|Drawing from an 1805 issue of The Botanical Magazine|
Kaempferia galanga, commonly known as kencur, aromatic ginger, sand ginger, cutcherry, or resurrection lily, is a monocotyledonous plant in the ginger family, and one of four plants called galangal. It is found primarily in open areas in Indonesia, southern China, Taiwan, Cambodia, and India, but is also widely cultivated throughout Southeast Asia.
Culinary and medical use
Kaempferia galanga is used as an herb in cooking in Indonesia, where it is called kencur or ‘Cekur’ in Malaysia, and especially in Javanese and Balinese cuisines. Beras kencur, which combines dried K. galanga powder with rice flour, is a particularly popular jamu herbal drink. Its leaves are also used in the Malay rice dish, nasi ulam.
Unlike the similar Boesenbergia rotunda (Thai กระชาย krachai), K. galanga is not commonly used in Thai cuisine, but can be bought as a dried rhizome or in powder form at herbal medicine stalls. It is known in Thai as proh horm (เปราะหอม) or waan horm (ว่านหอม), and in Khmer as prâh (ប្រោះ) or prâh krâ-oup (ប្រោះក្រអូប). It is also used in Chinese cooking and Chinese medicine, and is sold in Chinese groceries under the name sha jiang (Chinese: 沙姜; pinyin: shajiang), while the plant itself is referred to as shan nai (Chinese: 山柰; pinyin: shannai). Kaempferia galanga has a peppery camphorous taste.
K. galanga is differentiated from other galangals by the absence of stem and dark brown, rounded rhizomes, while the other varieties all have stems and pale rosebrown rhizomes. It is also sometimes called lesser galangal, which properly refers to Alpinia officinarum.
- Alpinia galanga 
- Alpinia zerumbet 
- Curcuma longa 
- Etlingera elatior , 
- Etlingera maingayi 
- Etlingera fulgens 
- Kaempferia angustifolia 
- Kaempferia rotunda , 
- Zingiber cassumunar ,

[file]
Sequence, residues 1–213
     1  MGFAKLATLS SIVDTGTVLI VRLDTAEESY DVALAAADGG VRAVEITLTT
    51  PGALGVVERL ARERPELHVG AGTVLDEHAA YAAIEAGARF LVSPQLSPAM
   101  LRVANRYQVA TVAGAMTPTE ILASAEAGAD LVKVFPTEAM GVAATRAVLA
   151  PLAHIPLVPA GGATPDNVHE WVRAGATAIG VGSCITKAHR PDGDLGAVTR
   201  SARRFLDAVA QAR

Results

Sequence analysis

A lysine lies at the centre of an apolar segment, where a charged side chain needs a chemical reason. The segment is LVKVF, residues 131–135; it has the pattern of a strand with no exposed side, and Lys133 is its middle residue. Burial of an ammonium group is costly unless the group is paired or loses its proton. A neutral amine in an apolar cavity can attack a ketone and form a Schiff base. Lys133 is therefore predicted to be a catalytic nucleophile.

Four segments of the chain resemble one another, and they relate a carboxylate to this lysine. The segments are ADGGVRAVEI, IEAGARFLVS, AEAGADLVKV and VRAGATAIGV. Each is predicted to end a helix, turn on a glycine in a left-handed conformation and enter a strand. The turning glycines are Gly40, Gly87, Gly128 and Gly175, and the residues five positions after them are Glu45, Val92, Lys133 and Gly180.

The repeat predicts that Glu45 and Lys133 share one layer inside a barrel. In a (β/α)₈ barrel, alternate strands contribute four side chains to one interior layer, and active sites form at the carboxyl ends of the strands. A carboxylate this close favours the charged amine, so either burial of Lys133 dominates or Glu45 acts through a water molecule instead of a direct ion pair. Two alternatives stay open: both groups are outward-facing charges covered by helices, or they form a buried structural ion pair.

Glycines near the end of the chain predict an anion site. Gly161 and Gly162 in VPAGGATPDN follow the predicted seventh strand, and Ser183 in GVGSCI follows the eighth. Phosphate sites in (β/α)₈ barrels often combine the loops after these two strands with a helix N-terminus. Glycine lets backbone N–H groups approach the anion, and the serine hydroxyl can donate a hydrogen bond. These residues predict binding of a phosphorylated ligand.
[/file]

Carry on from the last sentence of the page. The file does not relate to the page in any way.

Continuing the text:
- Zingiber officinale 
The rhizomes of aromatic ginger have been reported to contain cineol, borneol, 3-carene, camphene, kaempferol, kaempferide, cinnamaldehyde, p-methoxycinnamic acid, ethyl cinnamate, and ethyl p-methoxycinnamate.
Extracts of the plant kill larvae of several species of mosquito including some that are disease vectors. As a result of these findings, research is underway to evaluate the plant extract’s use as an insect repellent, with preliminary findings suggesting it is not an irritant to the skin of rats.
Extracts and essential oils
The rhizomes of the plant, which contain essential oils, have been used in traditional Chinese medicine as a decoction or powder. Its alcoholic maceration has also been applied as liniment for rheumatism. The extract causes central nervous system depression, a decrease in motor activity, and a decrease in respiratory rate.
The decoctions and the sap of the leaves may have hallucinogenic properties, which may be due to unidentified chemical components of the plant’s essential oil fraction.
- Borneol 
- 1,8-Cineole 
- Ethyl cinnamate , 
- Ethyl p-methoxycinnamate 
- Gamma-car-3-ene 
- Pentadecane 
- Van Wyk, Ben-Erik (2005). Food Plants of the World. Portland, Oregon: Timber Press, Inc. ISBN 978-0-88192-743-6.
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- Kanjanapothi, D; Panthong, A; Lertprasertsuke, N; Taesotikul, T; Rujjanawate, C; Kaewpinit, D; Sudthayakorn, R; Choochote, W; et al. (2004). “Toxicity of crude rhizome extract of Kaempferia galanga L. (Proh Hom)”. Journal of Ethnopharmacology. 90 (2–3): 359–65. doi:10.1016/j.jep.2003.10.020. PMID 15013202.
- The A-Z Encyclopedia of Alcohol and Drug Abuse, pg. 303 by Thomas Nordegren
- Gonzalez A., Gaenzler F. “Photostability of sunscreen combinations containing avobenzone exposed to natural and artificial ultraviolet light.” Journal of the American Academy of Dermatology 2011 64:2 SUPPL. 1 (AB30)
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- Huang, Linfang; et al. (2008). “Sedative activity of hexane extract of Keampferia galanga L. and its active compounds”. Journal of Ethnopharmacology. 120 (1): 123–125. doi:10.1016/j.jep.2008.07.045. PMID 18761077.
- Media related to Kaempferia galanga at Wikimedia Commons
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- Account at Gernot Katzer’s Spice Pages